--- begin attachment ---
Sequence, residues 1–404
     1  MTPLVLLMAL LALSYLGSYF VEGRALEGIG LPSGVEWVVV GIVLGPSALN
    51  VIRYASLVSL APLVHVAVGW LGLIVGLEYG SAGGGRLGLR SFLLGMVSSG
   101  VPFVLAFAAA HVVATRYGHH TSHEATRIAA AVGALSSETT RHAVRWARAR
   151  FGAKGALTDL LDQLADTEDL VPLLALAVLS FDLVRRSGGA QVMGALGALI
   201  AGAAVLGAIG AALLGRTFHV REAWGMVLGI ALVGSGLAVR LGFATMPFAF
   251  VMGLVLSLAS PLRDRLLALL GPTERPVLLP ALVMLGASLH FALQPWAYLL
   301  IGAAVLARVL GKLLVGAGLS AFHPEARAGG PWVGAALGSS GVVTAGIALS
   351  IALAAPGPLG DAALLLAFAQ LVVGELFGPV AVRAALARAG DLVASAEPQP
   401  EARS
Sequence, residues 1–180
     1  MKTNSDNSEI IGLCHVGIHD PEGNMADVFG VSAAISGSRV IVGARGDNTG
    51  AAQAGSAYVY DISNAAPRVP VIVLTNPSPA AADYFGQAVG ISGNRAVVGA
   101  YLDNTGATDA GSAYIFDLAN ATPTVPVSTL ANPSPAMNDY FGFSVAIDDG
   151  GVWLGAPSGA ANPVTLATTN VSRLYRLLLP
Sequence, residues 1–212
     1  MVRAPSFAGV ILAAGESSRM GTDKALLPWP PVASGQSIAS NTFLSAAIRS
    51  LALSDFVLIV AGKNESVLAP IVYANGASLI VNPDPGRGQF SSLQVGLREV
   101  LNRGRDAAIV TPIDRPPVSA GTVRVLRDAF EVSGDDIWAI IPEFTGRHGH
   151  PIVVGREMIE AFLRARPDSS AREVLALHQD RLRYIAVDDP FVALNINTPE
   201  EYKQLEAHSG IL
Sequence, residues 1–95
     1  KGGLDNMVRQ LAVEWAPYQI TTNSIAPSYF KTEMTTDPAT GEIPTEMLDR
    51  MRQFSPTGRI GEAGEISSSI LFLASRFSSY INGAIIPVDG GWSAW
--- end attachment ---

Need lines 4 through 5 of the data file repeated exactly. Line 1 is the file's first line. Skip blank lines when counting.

   101  VPFVLAFAAA HVVATRYGHH TSHEATRIAA AVGALSSETT RHAVRWARAR
   151  FGAKGALTDL LDQLADTEDL VPLLALAVLS FDLVRRSGGA QVMGALGALI